2022 Specialized Status 160 Bike
(discontinued)

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Status 160
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International shipping available. Some exclusions apply.
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Vital Review - Specialized Status 160
A compelling ride for the money, the Status rips!
Rating:
Vital Review
Vital Review - Specialized Status 160

The second generation of the Specialized Status was introduced in 2019 as a purpose-built mixed-wheel trail bike, something Specialized is no stranger to. The latest iteration from Specialized sees some slightly different geometry and a consumer-direct option to have the bike delivered right to your door at a price that won’t break the bank. Focused on fun with an impressive level of versatility, it is a great representation of an affordable do-it-all bike and a great option for people interested in trying mountain biking for the first time as well as someone looking for a purpose-built mullet trail bike.

 

Strengths

  • Solid frame
  • Attractive price point
  • Loads of fun on the descents
  • Plenty versatile

Weakness

  • Rear rim and tire
  • Entry-level parts require more immediate care

 

Highlights

  • Aluminum frame
  • 29/27.5-inch wheels
  • 160mm (6.3-inches) of rear-wheel travel // 160mm (6.3-inches) fork travel
  • FSR suspension design
  • Tapered headtube
  • Internal cable routing
  • Geometry adjust flip chip
  • 160mm or 140mm travel options
  • Sold consumer-direct
  • Threaded bottom bracket with ISCG05 mounts
  • Boost 148mm rear spacing with 12mm through axle
  • Measured weight (size S5, no pedals): 33 pounds 12 ounces (15.3 kg)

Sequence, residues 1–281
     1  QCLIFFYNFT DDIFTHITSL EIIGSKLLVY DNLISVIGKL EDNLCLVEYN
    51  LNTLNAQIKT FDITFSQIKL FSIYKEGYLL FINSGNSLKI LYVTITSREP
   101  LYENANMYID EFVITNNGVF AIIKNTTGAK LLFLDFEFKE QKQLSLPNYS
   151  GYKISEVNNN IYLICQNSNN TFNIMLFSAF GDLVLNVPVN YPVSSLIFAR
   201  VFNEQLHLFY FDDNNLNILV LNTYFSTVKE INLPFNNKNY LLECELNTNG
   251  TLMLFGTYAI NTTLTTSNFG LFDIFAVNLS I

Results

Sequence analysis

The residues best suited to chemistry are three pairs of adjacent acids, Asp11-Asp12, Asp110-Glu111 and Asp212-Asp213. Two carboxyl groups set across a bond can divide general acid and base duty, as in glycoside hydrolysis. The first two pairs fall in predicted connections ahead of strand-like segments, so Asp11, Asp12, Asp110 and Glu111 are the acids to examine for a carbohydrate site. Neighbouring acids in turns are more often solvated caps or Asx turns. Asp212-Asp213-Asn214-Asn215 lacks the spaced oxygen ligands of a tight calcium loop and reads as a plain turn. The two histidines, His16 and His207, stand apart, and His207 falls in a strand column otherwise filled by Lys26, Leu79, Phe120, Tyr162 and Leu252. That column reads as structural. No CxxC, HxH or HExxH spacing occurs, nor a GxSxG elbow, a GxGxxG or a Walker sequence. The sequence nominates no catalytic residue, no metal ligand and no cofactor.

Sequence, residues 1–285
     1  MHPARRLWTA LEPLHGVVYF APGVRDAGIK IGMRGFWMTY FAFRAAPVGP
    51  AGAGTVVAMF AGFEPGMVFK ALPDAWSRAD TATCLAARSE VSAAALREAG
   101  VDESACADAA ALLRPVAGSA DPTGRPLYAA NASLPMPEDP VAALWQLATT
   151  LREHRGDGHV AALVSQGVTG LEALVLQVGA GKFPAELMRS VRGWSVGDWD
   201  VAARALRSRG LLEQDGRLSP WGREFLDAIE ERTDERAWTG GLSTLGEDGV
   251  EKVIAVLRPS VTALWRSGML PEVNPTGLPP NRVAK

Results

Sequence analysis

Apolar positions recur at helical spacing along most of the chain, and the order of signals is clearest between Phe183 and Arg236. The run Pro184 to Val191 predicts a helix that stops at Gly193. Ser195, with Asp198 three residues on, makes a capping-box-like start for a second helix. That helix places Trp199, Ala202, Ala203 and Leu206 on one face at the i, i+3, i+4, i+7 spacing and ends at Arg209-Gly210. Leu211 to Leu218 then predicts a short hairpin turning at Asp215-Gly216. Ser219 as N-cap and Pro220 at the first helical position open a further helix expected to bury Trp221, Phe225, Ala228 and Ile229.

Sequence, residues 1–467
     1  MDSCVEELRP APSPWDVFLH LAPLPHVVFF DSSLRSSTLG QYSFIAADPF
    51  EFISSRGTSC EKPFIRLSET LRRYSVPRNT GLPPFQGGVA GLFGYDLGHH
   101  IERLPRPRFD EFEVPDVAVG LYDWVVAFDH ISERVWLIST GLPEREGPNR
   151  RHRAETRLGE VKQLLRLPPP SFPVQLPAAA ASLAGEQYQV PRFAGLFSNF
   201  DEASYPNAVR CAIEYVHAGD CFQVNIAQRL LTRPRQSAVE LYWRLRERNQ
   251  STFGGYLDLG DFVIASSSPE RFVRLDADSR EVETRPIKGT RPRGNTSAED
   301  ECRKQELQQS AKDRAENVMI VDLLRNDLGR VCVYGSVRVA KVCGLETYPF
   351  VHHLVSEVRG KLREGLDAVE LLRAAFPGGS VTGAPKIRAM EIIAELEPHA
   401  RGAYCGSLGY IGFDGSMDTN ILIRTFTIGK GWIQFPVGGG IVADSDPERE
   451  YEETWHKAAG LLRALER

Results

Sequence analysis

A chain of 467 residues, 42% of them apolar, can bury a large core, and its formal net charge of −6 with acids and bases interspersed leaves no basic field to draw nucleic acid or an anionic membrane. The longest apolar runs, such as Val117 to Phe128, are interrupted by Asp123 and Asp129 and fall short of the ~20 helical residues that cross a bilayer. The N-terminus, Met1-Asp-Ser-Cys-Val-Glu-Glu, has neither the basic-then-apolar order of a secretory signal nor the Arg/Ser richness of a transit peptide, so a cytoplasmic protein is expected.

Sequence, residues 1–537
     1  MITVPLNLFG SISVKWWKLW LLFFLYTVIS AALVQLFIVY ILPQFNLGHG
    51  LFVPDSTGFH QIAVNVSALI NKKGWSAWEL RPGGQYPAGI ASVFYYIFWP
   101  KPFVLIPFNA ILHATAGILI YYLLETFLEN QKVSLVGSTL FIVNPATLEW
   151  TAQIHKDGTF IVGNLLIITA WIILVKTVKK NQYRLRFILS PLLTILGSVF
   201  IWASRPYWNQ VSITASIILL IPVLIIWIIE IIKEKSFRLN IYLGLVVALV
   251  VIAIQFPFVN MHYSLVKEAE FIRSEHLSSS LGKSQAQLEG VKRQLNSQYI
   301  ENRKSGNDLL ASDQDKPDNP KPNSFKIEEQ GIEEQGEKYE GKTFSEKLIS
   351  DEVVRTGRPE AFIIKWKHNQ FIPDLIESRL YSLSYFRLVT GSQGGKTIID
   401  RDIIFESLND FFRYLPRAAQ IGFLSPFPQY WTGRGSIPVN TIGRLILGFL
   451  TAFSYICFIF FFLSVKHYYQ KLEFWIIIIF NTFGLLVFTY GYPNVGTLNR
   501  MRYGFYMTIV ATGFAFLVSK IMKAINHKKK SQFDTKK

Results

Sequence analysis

• MSRP $3,000 USD

Sticking with the tried and true design of the previous generation Status, the changes to this new version appear to be more of refinements rather than radical changes. Specialized kept the sleek, understated graphics with the only branding being an S on the head tube. What largely sets it apart from the previous generation bike is a 140mm travel option. Otherwise, there is now slightly steeper head tube angles from the flip-chip, 1mm longer chainstay, and slightly higher BB heights for high and low settings. Cable routing is tidy and well hidden with only small portions of cable visible to make for nice uninterrupted lines.

Geometry

The Status has gotten slightly less slack and low from the previous generation, likely to help it cater to a wider range of riders and terrain. The low setting will still cater towards higher speed riding with the head tube angle sitting at 63.2-degrees with a 338mm BB height. The high setting becomes a slightly less aggressive 63.7-degree head tube angle with a 347mm BB height. We initially felt the 515mm reach with 800mm wide bars was rather long for a bike with an emphasis on being playful. Cutting the bars to our preferred 780mm helped free up movement a bit.

Setup

We set our test bike up with 28% sag in the rear with the FOX Performance Float X shock at 290psi and the FOX Rhythm 36 set to 115psi with the compression adjustment wide open.

At first, sitting on the bike felt a little stretched out, even at 6’4”. The bike certainly felt better once we actually got it on the trail. We brought the stack height up 5mm to the highest we could get it and would have liked to go slightly higher to feel a bit more upright on the bike. Aside from those fit preferences, the only discomfort in the cockpit came from the profile of the dropper lever which has a rather sharp edge butted up against our thumb knuckle. This could be solved with a file.

On The Trail

The trails we rode felt suitable for the Status with lots of sniper gaps and plenty of large compressions. The majority of our testing was done on the trails of South Mountain in Phoenix, AZ. We also rode some smoother trails out at Hawes in Mesa, AZ as well as some local dirt jump spots.

DH/Technical Performance/Fun Factor

With a focus on fun, pointing the Status downhill is where the bike comes alive. We found it easy to get up to speed and holding that speed felt comfortable. Our initial concerns about the long reach were alleviated after the first lap and feeling the stability of our position on the bike. With the ability to change direction on a dime and pop off of anything in sight, we felt a surge in confidence after our first few turns on the bike and found ourselves pointing the bike at side hits more often than not. Riding the bike casually feels just as rewarding as pushing it to the limit, which should keep just about any gravity-focused rider happy.